Yes, FaceTime is LIFE when you need to connect with your tribe back home, but it can never compare to the real deal. This is true especially for our friends…. our heart breaks over the parties we have missed, the dinners we can’t attend, the silly nights out we aren’t a part of. A quick coffee date isn’t the same as multiple moments spent together just doing life together. Although true friends can handle the distance, it never gets easier and it certainly is a very BIG price we pay for our lifestyle.

You can skip seasons altogether

Since we are sun bums, our prerogative is always to chase summer. We have forgotten what it’s like to spend months and months in rain and clouds and snow and sleet, and yearn for sunshine and pina coladas on a tropical island. We are totally spoilt with this and is definitely going to be one of the worst parts about anchoring down, especially if it’s in a Canadian city.

You learn to trust strangers and make quick friends but yearn for a deeply-rooted community

I have LOVED how travelling has exposed me to the best parts of humanity. We have been really lucky to have had such beautiful moments with so many diverse communities, and it’s a lesson I will always hold close to me. PEOPLE ARE GOOD. No matter their religion or race or language or historical context, MOST people BY FAR are truly wonderful. It’s easy to avoid the cliquey mannerisms of familiar friendship circles when you are constantly meeting so many interesting, phenomenal humans. It pushes you and stretches you and challenges you to disrupt your beliefs, and cement your values, and explore the unknown. However, the transient nature of these friendships mean that they are seasonal, and although that doesn’t diminish their value whatsoever (they can last a lifetime, even as distance between friends)… there is a lot to be said for nurturing relationships in one place with one community and growing within that space over a long period of time. Saying goodbye’s becomes the norm, but it never gets easier. So, being able to create friendships you know you’ll probably always have around you is really invaluable. When it comes to entrepreneurship and business development, this is especially critical. It’s hard to expand a business without having it anchored in a very focused, core community that supports it. One of my favourite quotes is “a tree can only grow as tall as it’s roots are deep”… and this definitely resonates with me in terms of our lifestyle and changing communities.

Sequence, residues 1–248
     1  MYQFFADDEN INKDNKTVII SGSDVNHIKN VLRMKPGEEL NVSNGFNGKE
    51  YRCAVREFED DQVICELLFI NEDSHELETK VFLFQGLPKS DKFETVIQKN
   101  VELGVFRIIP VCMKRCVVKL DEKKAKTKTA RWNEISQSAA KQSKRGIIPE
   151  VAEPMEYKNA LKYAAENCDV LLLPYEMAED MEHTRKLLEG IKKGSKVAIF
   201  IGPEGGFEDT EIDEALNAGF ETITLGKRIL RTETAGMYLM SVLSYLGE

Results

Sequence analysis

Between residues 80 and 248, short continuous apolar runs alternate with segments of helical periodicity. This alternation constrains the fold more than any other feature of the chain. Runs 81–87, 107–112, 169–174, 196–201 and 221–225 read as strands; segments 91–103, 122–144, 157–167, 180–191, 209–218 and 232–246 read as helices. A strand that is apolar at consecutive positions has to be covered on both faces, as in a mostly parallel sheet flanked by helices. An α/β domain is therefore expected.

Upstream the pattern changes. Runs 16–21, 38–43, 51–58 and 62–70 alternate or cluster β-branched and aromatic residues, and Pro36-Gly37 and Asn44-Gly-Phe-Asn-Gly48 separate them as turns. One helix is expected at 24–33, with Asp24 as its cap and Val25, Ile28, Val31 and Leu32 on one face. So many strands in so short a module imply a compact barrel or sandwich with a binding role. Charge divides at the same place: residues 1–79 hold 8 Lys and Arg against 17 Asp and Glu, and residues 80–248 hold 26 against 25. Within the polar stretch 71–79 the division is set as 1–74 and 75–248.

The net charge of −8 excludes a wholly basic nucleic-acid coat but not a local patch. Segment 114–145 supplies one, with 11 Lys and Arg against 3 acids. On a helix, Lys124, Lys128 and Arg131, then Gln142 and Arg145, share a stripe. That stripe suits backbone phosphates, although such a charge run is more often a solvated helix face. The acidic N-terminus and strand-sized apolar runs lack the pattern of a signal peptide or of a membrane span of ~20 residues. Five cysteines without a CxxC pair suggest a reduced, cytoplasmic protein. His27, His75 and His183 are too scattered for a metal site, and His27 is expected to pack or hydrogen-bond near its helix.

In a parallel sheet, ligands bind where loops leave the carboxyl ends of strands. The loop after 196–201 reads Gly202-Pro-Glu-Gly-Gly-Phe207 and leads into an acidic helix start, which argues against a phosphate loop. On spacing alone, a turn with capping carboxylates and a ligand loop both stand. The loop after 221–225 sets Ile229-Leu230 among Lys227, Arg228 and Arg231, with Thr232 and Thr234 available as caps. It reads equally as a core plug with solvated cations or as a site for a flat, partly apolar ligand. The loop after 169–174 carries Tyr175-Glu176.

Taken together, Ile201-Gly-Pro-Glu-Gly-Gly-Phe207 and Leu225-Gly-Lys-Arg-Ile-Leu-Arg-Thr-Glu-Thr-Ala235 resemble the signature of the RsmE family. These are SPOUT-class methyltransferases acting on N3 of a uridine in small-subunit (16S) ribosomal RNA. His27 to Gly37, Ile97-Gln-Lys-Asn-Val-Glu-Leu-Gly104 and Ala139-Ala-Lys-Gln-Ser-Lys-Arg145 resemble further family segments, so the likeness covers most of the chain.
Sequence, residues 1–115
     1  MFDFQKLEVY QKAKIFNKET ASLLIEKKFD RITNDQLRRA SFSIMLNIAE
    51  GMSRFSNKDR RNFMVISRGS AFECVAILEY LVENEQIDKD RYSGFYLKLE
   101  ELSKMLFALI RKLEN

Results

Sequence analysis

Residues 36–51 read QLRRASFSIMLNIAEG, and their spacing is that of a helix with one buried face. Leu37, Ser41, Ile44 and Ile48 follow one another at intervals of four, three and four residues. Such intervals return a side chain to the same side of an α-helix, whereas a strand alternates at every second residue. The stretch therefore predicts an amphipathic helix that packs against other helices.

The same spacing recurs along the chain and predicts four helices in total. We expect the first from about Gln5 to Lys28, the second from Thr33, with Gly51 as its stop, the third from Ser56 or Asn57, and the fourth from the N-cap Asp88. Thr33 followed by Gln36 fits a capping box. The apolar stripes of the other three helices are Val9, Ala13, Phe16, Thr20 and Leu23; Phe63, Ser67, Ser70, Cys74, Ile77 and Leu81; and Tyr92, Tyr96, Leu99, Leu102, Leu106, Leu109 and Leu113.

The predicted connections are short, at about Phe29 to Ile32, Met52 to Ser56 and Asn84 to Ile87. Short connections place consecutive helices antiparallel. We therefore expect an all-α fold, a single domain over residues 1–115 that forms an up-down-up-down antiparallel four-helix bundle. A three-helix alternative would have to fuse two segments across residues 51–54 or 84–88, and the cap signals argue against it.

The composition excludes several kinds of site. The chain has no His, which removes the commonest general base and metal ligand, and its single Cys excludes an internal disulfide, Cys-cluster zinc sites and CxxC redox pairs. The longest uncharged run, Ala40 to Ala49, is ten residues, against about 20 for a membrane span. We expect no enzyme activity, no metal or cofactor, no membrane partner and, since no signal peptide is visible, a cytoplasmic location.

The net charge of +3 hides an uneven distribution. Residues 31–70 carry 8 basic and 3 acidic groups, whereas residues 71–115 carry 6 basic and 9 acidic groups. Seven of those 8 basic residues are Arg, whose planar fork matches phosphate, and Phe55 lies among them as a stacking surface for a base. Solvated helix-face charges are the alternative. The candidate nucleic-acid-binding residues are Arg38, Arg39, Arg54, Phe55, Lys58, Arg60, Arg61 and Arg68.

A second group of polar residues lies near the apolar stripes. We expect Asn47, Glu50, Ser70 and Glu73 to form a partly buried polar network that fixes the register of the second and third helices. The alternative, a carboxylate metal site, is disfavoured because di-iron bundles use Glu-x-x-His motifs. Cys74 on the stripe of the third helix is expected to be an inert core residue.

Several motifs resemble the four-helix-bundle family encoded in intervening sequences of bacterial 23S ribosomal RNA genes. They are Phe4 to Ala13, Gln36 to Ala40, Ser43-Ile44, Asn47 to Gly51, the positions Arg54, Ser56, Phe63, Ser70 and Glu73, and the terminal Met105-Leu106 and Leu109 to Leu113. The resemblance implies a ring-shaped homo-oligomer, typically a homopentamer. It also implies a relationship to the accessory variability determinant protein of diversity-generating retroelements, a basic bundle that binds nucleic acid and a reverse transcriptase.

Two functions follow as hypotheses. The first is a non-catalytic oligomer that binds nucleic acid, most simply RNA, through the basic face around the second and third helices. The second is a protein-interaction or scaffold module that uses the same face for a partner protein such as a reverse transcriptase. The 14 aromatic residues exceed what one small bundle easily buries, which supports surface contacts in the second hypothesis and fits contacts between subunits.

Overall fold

Your resume doesn't get you as far

Neither does your reputation, which can both work for or against you. You are a blank slate, a white canvas to everyone you meet. They don’t care what you’ve done, where you’ve worked, what school you went to. You get a few short minutes to reveal your human being-ness, they don’t care about your human doing-ness. Are you kind? Are you caring? Are you authentic? Are you easy to get along with? Are you a solid human? These things matter more than your network or your accomplishments, because chances are you’re from opposite corners of the world and they just don’t matter. It’s hard to grow in a place you’ve lived all your life if people are always judging you based on your past or your reputation; labels and identities can be damaging to pushing the envelope and blossoming into your true self. This is so, so, so much easier done away from home where you can experiment with who you are, what you like, who you surround yourself with. However, when the world is cruel, you can’t curl into your bestie and cry on her shoulder. You have to dig deep and really find that inner strength, really discover who you are outside of your childhood influence, and then be confident in that person moving forward.